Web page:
The report referred to the reforms adopted by Arab countries over the past years to restore macroeconomic stability; increase economic growth; create more jobs, boost economic diversification, and ensure fiscal sustainability.
The first priority for Arab countries is economic diversification. Arabs have adopted several initiatives in the past five decades to diversify their production and export structures which successfully lowered the contribution of the extractive industry to around 20-40% to the total GDP.
Nevertheless, more efforts are required to foster economic diversification and stimulate the contribution of other sectors, the report said, adding that the manufacturing sector contributes no more than 11% of the total GDP in Arab countries, compared to 22% in developing and emerging countries, and 16% globally.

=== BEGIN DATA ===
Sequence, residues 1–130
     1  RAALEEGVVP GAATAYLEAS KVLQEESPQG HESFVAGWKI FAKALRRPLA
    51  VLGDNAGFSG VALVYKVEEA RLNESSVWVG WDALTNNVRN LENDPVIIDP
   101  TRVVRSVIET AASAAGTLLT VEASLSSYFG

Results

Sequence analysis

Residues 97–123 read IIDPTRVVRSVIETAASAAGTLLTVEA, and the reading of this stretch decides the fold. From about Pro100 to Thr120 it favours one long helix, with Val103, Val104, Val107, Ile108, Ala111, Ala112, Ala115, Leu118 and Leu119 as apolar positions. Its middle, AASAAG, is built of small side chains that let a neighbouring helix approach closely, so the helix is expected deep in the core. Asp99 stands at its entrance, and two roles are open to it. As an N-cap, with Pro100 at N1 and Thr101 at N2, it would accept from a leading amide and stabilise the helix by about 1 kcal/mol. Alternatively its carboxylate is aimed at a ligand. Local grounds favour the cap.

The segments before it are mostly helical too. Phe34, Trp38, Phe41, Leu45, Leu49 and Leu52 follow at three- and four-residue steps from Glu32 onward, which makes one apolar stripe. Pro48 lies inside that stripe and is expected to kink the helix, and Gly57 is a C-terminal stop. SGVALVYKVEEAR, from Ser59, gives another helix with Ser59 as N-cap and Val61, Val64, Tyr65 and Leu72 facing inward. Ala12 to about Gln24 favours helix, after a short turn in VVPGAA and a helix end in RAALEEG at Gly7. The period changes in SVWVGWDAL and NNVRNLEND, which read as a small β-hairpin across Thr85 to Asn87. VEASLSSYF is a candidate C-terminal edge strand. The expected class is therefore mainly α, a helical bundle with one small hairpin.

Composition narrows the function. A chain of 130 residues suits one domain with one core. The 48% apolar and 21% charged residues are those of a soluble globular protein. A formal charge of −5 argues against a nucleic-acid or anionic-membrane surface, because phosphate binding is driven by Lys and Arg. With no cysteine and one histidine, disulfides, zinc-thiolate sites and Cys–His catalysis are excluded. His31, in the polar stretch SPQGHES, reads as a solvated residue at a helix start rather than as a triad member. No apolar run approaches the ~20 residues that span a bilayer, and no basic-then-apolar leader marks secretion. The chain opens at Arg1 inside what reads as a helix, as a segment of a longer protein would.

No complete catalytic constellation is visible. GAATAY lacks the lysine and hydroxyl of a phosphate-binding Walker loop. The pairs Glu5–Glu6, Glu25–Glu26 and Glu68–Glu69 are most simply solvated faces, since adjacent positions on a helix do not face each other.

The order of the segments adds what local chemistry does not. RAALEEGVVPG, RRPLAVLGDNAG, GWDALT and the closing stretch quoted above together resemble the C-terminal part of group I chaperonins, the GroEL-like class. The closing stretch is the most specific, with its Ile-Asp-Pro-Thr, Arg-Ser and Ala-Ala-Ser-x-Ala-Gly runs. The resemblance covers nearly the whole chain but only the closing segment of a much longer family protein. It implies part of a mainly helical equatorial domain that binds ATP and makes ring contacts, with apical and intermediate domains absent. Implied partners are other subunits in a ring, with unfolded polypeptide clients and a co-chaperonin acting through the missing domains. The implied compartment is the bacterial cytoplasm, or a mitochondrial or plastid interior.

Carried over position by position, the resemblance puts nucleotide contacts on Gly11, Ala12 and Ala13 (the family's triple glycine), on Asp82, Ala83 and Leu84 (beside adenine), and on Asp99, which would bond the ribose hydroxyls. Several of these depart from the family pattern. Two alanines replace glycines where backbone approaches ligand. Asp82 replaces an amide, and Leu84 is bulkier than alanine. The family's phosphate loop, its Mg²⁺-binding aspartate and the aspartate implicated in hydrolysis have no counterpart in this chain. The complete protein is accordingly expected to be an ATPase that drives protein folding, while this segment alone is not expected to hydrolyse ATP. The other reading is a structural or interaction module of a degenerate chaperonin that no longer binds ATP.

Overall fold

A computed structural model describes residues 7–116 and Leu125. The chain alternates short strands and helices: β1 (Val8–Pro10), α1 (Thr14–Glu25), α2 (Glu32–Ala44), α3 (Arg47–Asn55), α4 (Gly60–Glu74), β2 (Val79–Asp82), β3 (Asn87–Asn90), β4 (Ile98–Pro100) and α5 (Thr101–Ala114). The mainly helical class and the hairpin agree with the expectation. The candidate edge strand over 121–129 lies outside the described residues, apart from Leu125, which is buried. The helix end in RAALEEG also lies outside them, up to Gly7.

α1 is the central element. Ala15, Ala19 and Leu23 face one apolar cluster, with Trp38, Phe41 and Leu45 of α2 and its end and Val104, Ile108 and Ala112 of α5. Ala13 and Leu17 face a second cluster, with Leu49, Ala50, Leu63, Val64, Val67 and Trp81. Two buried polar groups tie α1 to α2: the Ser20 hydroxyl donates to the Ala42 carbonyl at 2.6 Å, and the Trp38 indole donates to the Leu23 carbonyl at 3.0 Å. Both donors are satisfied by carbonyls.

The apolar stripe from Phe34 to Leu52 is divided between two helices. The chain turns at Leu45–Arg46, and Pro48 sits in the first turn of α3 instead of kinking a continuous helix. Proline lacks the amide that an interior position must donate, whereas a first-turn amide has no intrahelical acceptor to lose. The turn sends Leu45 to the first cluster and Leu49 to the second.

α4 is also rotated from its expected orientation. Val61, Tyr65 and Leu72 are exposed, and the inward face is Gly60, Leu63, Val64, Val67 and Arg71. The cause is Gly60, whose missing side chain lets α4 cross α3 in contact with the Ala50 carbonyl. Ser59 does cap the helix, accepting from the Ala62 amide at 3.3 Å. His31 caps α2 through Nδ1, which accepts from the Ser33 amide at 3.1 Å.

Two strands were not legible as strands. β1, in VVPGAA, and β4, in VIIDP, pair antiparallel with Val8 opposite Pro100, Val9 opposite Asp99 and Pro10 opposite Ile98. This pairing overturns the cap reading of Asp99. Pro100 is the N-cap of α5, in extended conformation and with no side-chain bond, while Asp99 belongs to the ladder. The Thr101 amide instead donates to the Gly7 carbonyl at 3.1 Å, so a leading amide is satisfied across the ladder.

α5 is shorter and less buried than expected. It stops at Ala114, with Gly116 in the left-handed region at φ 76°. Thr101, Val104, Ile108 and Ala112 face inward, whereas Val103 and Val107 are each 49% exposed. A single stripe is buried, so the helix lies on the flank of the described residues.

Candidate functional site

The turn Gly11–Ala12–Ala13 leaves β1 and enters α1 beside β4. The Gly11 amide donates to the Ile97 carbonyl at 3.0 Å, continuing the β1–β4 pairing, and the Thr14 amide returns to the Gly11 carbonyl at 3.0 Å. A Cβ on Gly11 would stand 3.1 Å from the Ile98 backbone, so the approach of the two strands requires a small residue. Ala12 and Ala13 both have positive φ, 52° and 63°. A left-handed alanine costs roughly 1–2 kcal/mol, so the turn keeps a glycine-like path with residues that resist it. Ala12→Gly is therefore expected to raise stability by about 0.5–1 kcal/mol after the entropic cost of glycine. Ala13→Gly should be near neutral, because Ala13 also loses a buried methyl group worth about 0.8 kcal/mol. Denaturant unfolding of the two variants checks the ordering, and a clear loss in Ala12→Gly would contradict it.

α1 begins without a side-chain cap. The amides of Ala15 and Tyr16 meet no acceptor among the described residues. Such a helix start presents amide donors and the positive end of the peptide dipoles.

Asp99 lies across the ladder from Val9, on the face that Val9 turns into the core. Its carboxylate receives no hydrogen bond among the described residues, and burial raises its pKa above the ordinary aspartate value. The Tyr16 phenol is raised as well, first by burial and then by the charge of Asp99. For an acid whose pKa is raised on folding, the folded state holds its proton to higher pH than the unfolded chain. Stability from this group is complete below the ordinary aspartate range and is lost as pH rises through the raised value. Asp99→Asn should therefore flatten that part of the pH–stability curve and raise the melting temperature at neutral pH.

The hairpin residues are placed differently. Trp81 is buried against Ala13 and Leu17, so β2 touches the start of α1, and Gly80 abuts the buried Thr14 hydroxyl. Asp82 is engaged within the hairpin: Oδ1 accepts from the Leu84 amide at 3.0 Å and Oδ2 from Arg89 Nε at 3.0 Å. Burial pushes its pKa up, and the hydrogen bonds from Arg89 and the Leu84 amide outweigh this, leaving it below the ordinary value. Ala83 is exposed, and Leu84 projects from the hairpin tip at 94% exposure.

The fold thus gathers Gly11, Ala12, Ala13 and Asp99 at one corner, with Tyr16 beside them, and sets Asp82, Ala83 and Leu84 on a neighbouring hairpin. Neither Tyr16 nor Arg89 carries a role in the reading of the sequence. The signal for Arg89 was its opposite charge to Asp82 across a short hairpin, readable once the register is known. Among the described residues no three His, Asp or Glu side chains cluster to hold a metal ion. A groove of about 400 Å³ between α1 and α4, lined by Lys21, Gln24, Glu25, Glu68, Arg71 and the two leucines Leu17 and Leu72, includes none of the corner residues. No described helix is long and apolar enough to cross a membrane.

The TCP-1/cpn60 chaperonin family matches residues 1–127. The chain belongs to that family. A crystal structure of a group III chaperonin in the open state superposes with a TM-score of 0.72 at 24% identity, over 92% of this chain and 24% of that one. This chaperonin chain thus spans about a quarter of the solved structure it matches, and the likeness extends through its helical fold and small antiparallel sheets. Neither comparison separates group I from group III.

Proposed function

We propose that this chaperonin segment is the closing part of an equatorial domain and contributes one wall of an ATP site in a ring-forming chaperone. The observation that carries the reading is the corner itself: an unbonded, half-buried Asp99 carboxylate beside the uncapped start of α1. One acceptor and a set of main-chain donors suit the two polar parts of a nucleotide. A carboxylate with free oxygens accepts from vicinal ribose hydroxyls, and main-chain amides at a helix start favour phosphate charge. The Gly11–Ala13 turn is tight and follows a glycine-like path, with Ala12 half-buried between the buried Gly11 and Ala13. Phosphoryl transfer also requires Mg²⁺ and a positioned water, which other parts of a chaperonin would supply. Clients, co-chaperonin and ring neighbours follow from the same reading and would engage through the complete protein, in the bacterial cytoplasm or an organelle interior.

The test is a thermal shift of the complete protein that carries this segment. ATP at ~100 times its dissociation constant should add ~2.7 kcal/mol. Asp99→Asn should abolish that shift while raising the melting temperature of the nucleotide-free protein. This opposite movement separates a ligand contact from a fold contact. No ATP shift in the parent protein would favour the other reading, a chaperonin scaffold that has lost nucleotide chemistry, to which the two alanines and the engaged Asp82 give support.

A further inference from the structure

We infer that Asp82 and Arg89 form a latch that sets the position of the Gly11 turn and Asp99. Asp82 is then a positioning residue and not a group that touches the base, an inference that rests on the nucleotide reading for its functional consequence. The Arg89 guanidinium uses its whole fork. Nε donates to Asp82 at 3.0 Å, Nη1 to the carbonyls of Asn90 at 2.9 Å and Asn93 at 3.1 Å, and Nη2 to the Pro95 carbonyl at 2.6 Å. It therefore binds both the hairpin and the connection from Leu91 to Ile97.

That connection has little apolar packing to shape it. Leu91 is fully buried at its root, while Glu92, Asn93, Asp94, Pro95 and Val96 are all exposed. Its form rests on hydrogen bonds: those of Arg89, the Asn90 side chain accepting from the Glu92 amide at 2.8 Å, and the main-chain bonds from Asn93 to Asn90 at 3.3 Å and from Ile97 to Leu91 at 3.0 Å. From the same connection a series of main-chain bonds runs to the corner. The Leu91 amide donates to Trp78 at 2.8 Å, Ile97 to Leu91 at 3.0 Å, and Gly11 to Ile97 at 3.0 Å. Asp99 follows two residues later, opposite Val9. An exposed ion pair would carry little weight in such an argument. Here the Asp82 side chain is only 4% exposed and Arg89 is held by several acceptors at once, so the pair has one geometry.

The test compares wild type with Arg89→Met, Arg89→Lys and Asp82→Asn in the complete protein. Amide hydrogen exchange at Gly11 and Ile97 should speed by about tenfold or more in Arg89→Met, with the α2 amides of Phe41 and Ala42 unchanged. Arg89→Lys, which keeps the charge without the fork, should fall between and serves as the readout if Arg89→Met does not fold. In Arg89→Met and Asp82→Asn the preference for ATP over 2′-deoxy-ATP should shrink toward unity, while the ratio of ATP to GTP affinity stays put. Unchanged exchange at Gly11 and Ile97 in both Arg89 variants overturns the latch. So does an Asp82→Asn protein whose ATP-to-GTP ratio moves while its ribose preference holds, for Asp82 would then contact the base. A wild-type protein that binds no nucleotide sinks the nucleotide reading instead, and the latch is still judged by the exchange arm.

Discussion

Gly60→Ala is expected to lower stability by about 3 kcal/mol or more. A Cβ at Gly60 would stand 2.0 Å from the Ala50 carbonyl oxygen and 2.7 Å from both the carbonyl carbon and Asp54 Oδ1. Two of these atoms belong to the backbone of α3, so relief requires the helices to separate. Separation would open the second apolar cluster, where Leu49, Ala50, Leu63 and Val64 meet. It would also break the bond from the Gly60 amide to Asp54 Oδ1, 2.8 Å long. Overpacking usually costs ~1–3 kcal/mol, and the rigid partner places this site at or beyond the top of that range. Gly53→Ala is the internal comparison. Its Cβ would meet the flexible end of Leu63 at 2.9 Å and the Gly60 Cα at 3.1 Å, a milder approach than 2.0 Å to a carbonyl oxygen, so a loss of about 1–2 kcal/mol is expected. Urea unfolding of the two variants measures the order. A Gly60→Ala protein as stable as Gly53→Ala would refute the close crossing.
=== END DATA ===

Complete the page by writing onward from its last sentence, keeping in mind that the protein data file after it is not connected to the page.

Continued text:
Shifting to the knowledge economy is the second priority for Arab economies. The report noted that amid the global transformations resulting from the fourth industrial revolution (4IR), Arab economies should focus on intensifying policies aiming at shifting toward a knowledge economy, where the contribution of Arab countries is still limited.
The shift to a knowledge economy provides significant opportunities to promote economic growth and create more jobs for the qualified young labour force in Arab countries, the report stressed. It added that digital transformations support the productivity and competitiveness of traditional sectors, such as agriculture, industry, and services.
The newly emerging sectors such as artificial intelligence (AI), Internet of Things (IoT), big data, fintech, and other 4IR associated-technologies could help foster regional growth rates significantly, the report asserted.
Furthermore, the report said that reinforcing human capital in Arab countries is one of the main regional priorities, noting that discrepancies in human capital levels are largely responsible for explaining differences in levels of economic growth.